Most investing advice focuses on long-term options for money you won’t need anytime soon. But what about savings you want to grow, without losing access to that money or putting it at significant risk? To help you find the right place for your money, here are the best short-term investments and the returns you can expect from each.
I-bonds are savings bonds issued by the U.S. Treasury. They earn a combination of a fixed interest rate and a variable rate that changes with inflation. The U.S. Treasury sets the variable rate twice per year. Since they’re government-backed, they’re very safe short-term investments. And since inflation is high right now, these are a great short-term, high-return investment.
You can buy up to $10,000 in electronic I-bonds per year. After 12 months, you can cash in your I-bond to get your money back plus the interest. However, if you do that within the first five years, you lose the last three months of interest, so it’s better to wait if possible.
The current interest rate for I-bonds is 4.30%, including a 0.90% fixed rate. That rate applies to I-bonds issued from May 1, 2023 to October 31, 2023.
How to Invest
The simplest way to buy I-bonds is through TreasuryDirect, an official site of the U.S. government. After you create an account, you can invest in I-bonds there.
Treasuries are securities issued by the U.S. Treasury and fully backed by the U.S. government, making them some of the safest short-term investments. The most common types of treasuries include Treasury bills, Treasury notes, and Treasury bonds. The main difference between them is how long they last:
Treasury bills: Sold in terms ranging from four to 52 weeks
Treasury notes: Sold in terms ranging from two to 10 years
Treasury bonds: Sold in terms of 20 or 30 years
Interest rates on treasuries range from about 3.5% to 5.2% as of April 2023. Treasuries are sold at auctions, where their interest rates are set.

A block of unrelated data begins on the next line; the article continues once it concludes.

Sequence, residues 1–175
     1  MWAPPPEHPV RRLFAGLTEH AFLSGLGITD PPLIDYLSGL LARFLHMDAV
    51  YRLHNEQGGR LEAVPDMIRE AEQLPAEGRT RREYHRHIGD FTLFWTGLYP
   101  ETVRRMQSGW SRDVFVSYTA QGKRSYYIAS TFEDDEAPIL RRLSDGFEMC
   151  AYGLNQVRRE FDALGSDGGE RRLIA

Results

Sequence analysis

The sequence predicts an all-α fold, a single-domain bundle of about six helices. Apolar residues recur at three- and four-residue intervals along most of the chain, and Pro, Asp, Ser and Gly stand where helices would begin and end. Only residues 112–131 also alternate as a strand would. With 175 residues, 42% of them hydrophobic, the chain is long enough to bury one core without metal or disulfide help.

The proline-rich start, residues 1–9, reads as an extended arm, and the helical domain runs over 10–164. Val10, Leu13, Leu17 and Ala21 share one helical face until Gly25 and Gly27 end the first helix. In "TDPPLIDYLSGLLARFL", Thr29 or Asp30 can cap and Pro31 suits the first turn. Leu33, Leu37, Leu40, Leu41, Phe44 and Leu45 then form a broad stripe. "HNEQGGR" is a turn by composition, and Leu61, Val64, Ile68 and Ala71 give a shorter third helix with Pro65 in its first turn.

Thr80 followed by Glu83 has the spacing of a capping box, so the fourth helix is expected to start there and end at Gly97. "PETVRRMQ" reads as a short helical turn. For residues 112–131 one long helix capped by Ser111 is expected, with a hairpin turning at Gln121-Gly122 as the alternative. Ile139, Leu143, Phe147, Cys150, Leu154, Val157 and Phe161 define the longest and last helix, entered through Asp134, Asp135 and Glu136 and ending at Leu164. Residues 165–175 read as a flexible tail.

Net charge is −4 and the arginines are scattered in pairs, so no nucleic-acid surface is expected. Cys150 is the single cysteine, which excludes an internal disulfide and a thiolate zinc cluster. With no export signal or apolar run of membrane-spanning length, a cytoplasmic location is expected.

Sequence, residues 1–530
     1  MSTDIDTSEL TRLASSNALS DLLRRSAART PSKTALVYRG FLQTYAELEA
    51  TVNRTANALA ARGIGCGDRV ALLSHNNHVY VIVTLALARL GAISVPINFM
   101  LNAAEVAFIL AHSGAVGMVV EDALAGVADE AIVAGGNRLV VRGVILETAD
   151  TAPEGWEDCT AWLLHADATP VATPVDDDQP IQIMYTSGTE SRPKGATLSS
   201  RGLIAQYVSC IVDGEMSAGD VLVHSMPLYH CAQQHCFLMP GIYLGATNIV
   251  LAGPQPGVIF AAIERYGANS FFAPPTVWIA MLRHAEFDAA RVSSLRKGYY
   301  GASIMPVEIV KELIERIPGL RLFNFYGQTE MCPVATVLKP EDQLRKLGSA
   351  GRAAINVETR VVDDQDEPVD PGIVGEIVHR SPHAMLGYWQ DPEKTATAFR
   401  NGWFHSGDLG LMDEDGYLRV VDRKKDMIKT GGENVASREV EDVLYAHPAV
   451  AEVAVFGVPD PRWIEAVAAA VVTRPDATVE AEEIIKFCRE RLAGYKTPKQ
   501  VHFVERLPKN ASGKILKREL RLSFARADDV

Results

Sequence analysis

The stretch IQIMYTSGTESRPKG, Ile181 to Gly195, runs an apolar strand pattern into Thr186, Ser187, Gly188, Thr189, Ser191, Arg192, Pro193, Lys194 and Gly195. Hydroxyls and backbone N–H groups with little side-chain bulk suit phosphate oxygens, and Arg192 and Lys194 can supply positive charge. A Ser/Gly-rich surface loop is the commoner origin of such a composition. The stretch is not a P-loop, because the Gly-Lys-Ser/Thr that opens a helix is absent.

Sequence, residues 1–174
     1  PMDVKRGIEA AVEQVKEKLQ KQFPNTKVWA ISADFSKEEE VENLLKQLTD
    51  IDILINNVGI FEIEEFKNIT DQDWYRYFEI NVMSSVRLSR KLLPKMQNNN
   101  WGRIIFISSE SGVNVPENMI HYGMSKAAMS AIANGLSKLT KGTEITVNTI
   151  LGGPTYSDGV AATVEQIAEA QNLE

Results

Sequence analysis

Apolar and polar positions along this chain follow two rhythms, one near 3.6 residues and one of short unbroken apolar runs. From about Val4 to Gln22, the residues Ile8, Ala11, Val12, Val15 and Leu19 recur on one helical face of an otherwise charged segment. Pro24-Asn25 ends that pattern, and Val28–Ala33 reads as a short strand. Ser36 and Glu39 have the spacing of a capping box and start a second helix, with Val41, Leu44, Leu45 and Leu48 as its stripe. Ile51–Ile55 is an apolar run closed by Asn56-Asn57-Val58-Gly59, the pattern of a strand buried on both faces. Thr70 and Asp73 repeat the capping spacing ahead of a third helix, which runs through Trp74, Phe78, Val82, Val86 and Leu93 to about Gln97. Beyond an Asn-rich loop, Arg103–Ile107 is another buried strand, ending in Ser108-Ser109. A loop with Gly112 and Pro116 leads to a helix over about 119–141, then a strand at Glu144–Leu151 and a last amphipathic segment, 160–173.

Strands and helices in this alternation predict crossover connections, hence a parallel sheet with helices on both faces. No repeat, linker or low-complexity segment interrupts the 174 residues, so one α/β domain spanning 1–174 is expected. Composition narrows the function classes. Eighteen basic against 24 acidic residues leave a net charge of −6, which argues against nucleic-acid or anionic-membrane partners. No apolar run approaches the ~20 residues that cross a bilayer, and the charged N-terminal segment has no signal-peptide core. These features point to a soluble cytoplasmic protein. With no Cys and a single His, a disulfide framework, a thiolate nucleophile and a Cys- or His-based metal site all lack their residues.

Pro Tip: Investing starts with a sound financial plan. See our article: A Guide to Financial Planning for Couples
How to Invest
To buy treasuries, you bid when the U.S. Treasury sells them at auction. You can do this through a TreasuryDirect account or through a brokerage account.
3. Corporate Bonds
A corporate bond is a debt issued by a corporation to raise money. When you buy one of these short-term investments, you’re lending money to that company. In return, it pays you interest for the term of the bond and repays you in full on the bond’s maturity date.
Unlike government-backed bonds, which are extremely secure, the level of risk with corporate bonds varies. To check how safe a corporate bond is, you can look at its bond rating. There are several companies that assign bond ratings based on the company’s creditworthiness.
While ratings systems vary, the highest rating is always AAA (triple A), indicating a very low risk. Any grade with a C or a D indicates a junk bond, meaning a high-risk, high-reward bond.
Pro Tip: Bond ratings are not always the most reliable measure of creditworthiness, especially in a volatile market. (Silicon Valley Bank’s imminent failure was not reflected in its credit rating.)
Corporate bond rates generally range from about 4% to 5% for A-, AA-, and AAA-grade bonds as of April 2023. Yields on junk bonds vary significantly, from about 6% to 15%.
How to Invest
You can buy corporate bonds through a brokerage account.
4. Bond ETFs
An exchange-traded fund (ETF) is a type of investment vehicle that’s traded like a stock. While many ETFs invest strictly in stocks, there are also bond ETFs that only invest in bonds.
Some bond ETFs put their money in a specific type of bond, such as treasuries, corporate bonds, junk bonds, or international bonds. Others invest in multiple types of bonds, so there are plenty of options. You could look for the best short-term treasury ETF, the best corporate bond ETF, or simply the best short-term bond ETF overall.
In addition to diversifying your bond holdings, bond ETFs are advantageous as a short-term investment because you don’t need to hold them for a minimum amount of time. You can buy and sell them whenever you want.
Bond ETF returns vary heavily based on each fund’s performance. More conservative bond ETFs may return 1% to 2% per year. Others that take on more risk can return 6% or more.